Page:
The purpose of the surveillance program is to estimate the morbidity, mortality, and economic burden of specific types of injuries in the U.S. and to identify population subgroups in need of intervention. Although hospital discharge data have been collected in some states for many years, their use for public health surveillance has been limited primarily because of concerns about data quality and uniformity. The Healthcare Cost and Utilization Project (HCUP) has addressed several of these issues in its activities to construct the Nationwide Inpatient Sample (NIS). The specific objectives of this project were to: (1) assess the strengths and limitations of the NIS for conducting surveillance of hospitalized injuries, and (2) develop a computer program for routine analysis of hospital discharges for injuries from NIS. This analysis utilizes NIS data from 1997-1999. The major features of the NIS were described, including how it is constructed, and the characteristics of the individual data elements. An analytic data set for each study year was also created. Because of its very large size, increases in the number of states included, emphasis on quality and consistency of data, and improvements in timeliness of its availability, the NIS possesses several strengths for conducting annual surveillance of hospitalization injuries. This study found that the NIS is not based on a national probability sample of hospitals, making it impossible to truly draw statistical inference to the universe of hospitals in the nation. The study also found that a percentage of injury-related records that are E-coded varies considerably by geographic area.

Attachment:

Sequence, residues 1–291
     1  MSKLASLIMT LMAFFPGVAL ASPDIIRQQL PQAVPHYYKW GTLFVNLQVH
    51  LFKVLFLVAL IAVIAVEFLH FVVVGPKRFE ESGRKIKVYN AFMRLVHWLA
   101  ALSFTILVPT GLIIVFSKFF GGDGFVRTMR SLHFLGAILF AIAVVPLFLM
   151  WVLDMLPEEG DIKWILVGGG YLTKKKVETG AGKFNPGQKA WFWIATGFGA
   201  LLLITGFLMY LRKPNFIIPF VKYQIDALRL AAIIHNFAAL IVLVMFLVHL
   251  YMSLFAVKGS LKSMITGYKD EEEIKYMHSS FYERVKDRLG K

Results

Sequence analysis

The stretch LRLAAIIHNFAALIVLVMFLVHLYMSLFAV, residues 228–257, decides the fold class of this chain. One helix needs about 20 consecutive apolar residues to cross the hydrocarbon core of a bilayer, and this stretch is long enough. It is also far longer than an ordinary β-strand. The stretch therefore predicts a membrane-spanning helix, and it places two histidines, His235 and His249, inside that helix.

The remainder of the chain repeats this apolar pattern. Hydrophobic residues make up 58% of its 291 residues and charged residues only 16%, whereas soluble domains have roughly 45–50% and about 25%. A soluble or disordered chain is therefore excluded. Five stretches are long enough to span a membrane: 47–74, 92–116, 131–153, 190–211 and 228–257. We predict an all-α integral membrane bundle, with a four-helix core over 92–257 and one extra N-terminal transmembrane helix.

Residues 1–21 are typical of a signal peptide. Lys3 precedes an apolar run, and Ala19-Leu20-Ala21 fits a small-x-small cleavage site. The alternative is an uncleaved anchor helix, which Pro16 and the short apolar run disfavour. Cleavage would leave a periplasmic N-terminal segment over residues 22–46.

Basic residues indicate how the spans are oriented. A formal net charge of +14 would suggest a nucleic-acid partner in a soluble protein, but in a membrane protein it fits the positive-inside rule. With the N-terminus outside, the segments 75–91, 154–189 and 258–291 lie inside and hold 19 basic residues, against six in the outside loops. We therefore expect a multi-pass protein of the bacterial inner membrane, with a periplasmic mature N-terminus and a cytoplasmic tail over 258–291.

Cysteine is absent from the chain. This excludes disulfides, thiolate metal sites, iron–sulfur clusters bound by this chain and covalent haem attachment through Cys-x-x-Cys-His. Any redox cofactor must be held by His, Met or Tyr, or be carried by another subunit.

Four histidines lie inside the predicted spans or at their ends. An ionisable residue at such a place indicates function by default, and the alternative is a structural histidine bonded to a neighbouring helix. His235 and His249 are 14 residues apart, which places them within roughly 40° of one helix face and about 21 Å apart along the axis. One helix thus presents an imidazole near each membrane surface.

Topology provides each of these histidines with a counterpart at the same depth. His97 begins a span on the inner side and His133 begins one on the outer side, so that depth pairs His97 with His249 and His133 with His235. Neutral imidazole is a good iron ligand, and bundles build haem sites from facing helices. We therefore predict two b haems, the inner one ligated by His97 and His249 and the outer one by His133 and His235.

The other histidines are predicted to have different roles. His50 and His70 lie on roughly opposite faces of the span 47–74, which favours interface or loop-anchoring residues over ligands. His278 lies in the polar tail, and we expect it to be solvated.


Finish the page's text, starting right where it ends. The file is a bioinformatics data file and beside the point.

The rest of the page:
PIC ID: 7999
Agency Sponsor: CDC-NCIPC, National Center for Injury Prevention and Control
Federal Contact: Johnson, Renee, 770-488-1479
Performer: Battelle, Durham, NC